How do you identify an acquisition target?
Acquiring another business is one of the most important decisions a business owner will make. Thorough research is vital to identify a target which will complement the organic growth of your own business. It’s also important to be open minded and objective.
Most acquisitive firms use specialist corporate finance advisers. Their commercial knowledge and technical skills can not only save a great deal of time but, crucially, will allow the management team to continue to focus upon running their existing business.
There are numerous ways of finding a potential target and whilst an internet search is an easy way to start, accessing company information databases is often more productive. It is also helpful to visit trade shows, consult industry associations, and look through trade publications to establish a list of possible targets.
Ideally you should develop a profile of the type of business you want. Gather and review as much relevant information as you can on the markets, companies, products and services you need. Once you have developed the target profile, you can:
- Consider businesses you sell to, or buy from, already. Many acquisitions and mergers take place between companies that have an existing commercial relationship
- Encourage senior staff to use their networks to gather information about likely prospects in your sector
- Speak to a corporate finance adviser. They may have additional intelligence that can support you along with access to national M&A databases
The next step is to refine this into a shortlist. The criteria for making this judgement will vary for each acquirer, but often revolve around the relative size of the potential acquisition, proximity to the buyer (either geographically or in terms of complementary activities) and the profitability of the potential target.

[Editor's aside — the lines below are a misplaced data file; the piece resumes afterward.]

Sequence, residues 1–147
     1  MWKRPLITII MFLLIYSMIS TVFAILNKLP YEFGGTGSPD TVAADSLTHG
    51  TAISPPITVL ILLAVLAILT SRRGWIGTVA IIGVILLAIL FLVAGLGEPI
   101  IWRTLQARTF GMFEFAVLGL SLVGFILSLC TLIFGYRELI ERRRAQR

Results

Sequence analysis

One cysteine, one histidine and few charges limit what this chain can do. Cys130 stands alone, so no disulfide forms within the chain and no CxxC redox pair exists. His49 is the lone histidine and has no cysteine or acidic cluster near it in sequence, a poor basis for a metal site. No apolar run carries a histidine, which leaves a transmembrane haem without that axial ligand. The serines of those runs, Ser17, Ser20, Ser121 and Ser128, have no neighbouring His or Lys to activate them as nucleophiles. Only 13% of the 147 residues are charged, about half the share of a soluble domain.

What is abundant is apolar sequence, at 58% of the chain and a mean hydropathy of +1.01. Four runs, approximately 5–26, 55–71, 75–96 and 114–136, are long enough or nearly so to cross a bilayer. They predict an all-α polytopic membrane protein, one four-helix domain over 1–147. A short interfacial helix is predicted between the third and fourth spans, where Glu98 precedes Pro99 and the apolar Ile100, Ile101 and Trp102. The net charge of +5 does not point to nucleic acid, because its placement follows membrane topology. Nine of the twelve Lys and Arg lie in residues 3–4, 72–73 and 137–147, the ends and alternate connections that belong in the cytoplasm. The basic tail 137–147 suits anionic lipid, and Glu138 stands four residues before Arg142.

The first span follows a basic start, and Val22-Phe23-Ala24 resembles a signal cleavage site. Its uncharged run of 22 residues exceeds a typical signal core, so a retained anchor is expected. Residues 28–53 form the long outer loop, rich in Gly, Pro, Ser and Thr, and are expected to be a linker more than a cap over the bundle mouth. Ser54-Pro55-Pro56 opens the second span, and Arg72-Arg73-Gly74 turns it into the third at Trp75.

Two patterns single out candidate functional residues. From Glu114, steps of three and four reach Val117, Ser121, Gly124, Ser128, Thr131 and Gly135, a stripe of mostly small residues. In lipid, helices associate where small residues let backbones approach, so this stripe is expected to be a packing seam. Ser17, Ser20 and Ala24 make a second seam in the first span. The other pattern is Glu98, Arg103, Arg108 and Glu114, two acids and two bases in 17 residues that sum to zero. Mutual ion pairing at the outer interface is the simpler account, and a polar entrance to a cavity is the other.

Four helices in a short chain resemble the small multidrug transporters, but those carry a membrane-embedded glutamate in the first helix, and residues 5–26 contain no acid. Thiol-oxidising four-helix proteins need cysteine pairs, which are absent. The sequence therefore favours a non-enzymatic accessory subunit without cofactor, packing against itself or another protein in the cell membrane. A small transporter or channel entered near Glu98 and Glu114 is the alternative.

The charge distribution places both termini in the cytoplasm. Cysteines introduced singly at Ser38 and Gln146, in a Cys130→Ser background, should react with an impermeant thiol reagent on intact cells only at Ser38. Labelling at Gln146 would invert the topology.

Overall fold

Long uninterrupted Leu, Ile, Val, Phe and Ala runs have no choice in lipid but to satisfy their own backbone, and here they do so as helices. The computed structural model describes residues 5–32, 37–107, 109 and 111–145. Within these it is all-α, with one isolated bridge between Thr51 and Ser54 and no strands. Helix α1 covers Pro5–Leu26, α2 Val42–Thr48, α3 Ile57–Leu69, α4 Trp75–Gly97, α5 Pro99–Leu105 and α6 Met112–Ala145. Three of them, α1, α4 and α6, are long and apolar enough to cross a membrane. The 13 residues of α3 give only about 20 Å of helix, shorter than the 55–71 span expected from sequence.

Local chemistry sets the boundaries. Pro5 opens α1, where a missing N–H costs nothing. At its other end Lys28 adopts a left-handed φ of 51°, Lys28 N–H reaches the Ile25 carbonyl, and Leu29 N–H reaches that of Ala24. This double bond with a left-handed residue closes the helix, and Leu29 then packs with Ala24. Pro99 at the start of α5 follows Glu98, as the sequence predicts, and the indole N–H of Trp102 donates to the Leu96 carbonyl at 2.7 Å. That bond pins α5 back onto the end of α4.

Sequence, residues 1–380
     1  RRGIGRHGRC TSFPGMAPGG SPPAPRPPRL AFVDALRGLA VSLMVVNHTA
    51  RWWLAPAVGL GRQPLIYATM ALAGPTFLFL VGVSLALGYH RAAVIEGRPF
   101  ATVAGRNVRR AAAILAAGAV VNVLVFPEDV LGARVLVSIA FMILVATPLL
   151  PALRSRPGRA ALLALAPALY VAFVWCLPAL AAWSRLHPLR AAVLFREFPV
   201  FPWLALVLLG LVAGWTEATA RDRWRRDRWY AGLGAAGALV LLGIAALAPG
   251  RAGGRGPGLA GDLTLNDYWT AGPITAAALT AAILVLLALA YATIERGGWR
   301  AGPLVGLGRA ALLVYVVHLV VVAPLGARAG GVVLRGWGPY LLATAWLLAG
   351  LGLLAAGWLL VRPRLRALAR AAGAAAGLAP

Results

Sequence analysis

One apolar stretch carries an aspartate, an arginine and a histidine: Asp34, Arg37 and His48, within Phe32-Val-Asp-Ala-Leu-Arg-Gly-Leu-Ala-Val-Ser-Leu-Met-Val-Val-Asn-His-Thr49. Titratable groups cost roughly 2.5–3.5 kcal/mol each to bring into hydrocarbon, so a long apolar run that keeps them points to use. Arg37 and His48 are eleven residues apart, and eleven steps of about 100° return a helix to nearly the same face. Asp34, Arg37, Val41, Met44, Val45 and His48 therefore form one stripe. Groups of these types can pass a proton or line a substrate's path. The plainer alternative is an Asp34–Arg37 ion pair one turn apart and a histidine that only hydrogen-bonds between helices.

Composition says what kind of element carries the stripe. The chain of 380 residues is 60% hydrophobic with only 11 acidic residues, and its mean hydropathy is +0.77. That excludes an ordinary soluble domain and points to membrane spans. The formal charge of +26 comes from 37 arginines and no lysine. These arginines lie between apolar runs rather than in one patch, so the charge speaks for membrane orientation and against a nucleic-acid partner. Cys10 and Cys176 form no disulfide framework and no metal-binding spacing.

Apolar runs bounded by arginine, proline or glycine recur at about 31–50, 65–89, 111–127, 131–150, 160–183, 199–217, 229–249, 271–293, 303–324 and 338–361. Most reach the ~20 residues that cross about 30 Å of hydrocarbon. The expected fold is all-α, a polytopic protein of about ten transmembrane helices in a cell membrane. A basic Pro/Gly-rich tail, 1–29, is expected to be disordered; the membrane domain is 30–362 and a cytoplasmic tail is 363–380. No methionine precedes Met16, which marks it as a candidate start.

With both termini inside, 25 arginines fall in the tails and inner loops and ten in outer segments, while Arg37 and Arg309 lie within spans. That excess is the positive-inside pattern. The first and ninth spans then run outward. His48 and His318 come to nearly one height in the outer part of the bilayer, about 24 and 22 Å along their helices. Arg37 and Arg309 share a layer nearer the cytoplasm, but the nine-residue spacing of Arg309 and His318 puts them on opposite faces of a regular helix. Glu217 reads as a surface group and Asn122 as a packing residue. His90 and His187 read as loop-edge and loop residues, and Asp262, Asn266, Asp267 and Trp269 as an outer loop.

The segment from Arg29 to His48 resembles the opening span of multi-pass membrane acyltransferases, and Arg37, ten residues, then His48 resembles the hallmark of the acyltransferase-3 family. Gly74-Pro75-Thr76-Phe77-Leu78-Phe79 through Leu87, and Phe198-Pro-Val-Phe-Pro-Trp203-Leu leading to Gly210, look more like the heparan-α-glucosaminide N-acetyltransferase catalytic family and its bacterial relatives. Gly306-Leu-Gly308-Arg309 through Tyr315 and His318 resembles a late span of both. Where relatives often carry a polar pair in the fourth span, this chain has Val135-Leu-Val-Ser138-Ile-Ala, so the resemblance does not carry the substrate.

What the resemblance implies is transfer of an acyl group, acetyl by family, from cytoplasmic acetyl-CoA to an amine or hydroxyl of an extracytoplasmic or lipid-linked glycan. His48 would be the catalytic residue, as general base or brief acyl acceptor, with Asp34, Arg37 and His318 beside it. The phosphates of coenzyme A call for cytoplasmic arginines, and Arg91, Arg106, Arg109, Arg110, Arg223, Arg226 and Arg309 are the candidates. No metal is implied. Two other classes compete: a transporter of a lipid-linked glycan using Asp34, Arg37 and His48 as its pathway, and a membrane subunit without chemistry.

When compiling your shortlist, it is important to look at this from the potential target’s point of view. How can you make your approach as attractive as possible to them? For example, look at the shareholding structure. Find out the age of the owner or majority shareholders – individuals nearing retirement will be more likely to welcome an approach. Establish if there are private equity shareholders who may be looking for a medium-term exit.
First impressions are crucial and the way you make your first approach will probably determine whether a fruitful dialogue ensues or whether you are rebuffed.
Keep in mind that your interest in the target may well be totally unexpected from the point of view of its shareholders. Caught unawares, their instinctive reaction may be to turn down an approach if it is not handled carefully. An obvious example is, if possible, send your approach letter to their home rather than business address.
The success of a potential acquisition often hinges on the thoroughness of your preparation. You should evaluate the backgrounds and incentives of different shareholder’s, so you can work out who is likely to be most receptive to your approach, and why.
Timing is also crucial – approaching a business during their busiest period of the year may mean that the approach gets filed in the bin. Be persistent and follow up any approaches if you don’t receive a reply initially.
Equally important is to determine who is the most suitable individual to represent your business. This could be your corporate finance adviser, a member of your board, or a trusted third party who is familiar with the target company’s shareholders.
An approach is more likely to be well received if the strategic thinking behind the potential acquisition is explained in a business-like but tactful way, focusing on synergies and benefits such as operational fit and cultural similarities.
The corporate finance team at MHA Moore and Smalley have a wealth of experience of handling acquisitions of all sizes in a wide range of sectors. If you would like to discuss this blog in more detail, please email our Corporate Finance team on firstname.lastname@example.org or call him on 01772 821021.
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